Yesterday my daughter declared she would not be riding south on I-75 for, oh, the next couple of months: turns out there is a billboard advertising the movie The Devil Inside right next to the highway, and as you drive along, the possessed nun’s freaky pupil-less eyeballs follow you. One good look at that, and she would be sleeping in between my husband and me until high school graduation.
I like a good horror movie with a religious twist as much as the next person who never has to sleep alone in a darkened house. And we sure do seem to like ‘em in our culture, beginning with the Mac Daddy of them all in 1973:
The Omen, Rosemary’s Baby, The Exorcism of Emily Rose, not to mention The Exorcist II and the Exorcist III – all of them are about supernatural evil that erupts inside humans like a festering pimple. Oh, and then there are all the movies about evil that eats us, from Poltergeist to Paranormal Activity I through XIV. It seems like the more we encounter the truth that evil’s origin is inside us, the more we want to believe that evil could be coming from a supernatural, external force. It wasn't us! It was this thing inside of us that really has nothing to do with us at all!
Jewish tradition says there is no supernatural external evil – no Devil, no Satan. Well, okay, there is a Satan (ha-satan just means the adversary) but in the only available text that references him (the book of Job) he is apparently an angel who functions kind of like opposing counsel in the court of heaven, reminding God of legal procedure and the strict letter of the law. He and God are kind of buds, in fact. In Job, the Satan persuades God to strip Job of everything worth living for, to completely destroy this poor guy, basically, and see what happens. And while they’re waiting to see, they go out for beers together. God and Satan are kind of assholes together, like young thugs hanging out at the corner bodega and beating people up with sticks.
So yeah, from a Jewish point of view, no real place to go, if you’re hoping for an overarching evil that can invade you and be held responsible for bad things in the world and in us. It’s just us and God, locked in this terrifyingly intense co-dependent relationship.
Stick that one on a greeting card, whydoncha. Or how about a sympathy card? Thinking of you and your loss at this time of sorrow THAT IS COMPLETELY GOD’S FAULT. Isaiah’s God is not an easy one to love, to say the least.
Jews like to talk not about external evil, or internal evil that came from somewhere else and infected us, but about yetzer ha-ra: the evil impulse. Everybody’s got one, and it’s just the way we were made. It’s the part of us that wants things for ourselves, and turned to right purposes it is the basis for lots of good stuff, like ambition and drive and purpose. Of course, when allowed free rein, it turns us into douchebags. It’s interesting that the ancient rabbis evolved a concept of the self not too far off Freudian understandings of the id and its quest to dominate the ego. Freud was raised with a pretty solid Jewish education, so I’ve always wondered to what degree his construct of the self was informed by the rabbinic notions of yetzer ha-tov and yetzer ha-ra, the good impulse and the evil impulse.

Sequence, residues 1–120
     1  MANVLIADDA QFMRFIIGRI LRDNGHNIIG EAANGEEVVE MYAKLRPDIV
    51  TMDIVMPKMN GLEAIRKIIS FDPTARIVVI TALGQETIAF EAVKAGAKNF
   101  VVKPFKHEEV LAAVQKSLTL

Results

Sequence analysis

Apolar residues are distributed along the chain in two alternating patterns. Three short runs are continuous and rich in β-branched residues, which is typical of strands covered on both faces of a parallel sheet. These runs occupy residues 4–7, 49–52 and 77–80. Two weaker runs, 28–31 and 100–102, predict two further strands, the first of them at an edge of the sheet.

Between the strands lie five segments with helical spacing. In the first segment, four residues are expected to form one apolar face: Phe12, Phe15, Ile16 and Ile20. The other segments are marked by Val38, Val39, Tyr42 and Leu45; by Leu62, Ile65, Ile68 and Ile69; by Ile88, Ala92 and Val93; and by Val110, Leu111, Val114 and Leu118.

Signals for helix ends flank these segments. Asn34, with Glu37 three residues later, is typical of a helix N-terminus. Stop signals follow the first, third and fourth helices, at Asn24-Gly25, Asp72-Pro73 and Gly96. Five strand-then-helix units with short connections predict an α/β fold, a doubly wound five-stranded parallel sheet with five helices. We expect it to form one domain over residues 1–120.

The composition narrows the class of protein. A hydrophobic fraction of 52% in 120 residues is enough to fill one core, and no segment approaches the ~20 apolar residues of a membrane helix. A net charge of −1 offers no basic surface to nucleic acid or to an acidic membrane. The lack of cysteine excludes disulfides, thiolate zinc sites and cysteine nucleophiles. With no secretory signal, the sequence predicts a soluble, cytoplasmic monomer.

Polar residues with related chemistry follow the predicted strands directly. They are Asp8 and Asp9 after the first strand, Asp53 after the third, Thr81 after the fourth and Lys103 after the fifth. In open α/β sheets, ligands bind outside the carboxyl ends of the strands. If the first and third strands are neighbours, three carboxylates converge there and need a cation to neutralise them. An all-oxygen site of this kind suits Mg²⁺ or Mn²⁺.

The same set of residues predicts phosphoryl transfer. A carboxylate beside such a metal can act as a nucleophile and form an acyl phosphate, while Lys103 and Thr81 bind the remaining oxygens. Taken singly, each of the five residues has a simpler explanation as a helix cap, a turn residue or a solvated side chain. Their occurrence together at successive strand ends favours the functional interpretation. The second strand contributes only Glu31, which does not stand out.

But the point is, if there’s no Evil Incorporated out there somewhere, there’s no one to blame when things go wrong but ourselves or God. We can blame ourselves (clearly no fun) or we can blame God (way more fun, but also way more disturbing in the end.) In a universe filled with only God, who else is there? No devil, no saints, no lesser agents, no rivals, no Only Begotten Son, no Holy Spirit, no comforting crowd of Heavenly Hosts. I am the Lord, and there is no other, says the God of Isaiah. Stop dialing other numbers like it’s going to get you somewhere. There is no one else to turn to for help and protection, and the flip side of that is, there is no one else to blame when the going gets rough. God is the source of all things, and if that is the belief you are going to order your world around, then God is also going to be the source of bad things along with the good. It makes for an inscrutable, uncomfortable God – but it also makes for a terrifying kind of intimacy, the intimacy that fuels Isaiah’s fulminations, Deuteronomy’s fire and brimstone, and centuries of Jewish prayers, song, and literature.
I’m still gonna see the shit out of that movie, though.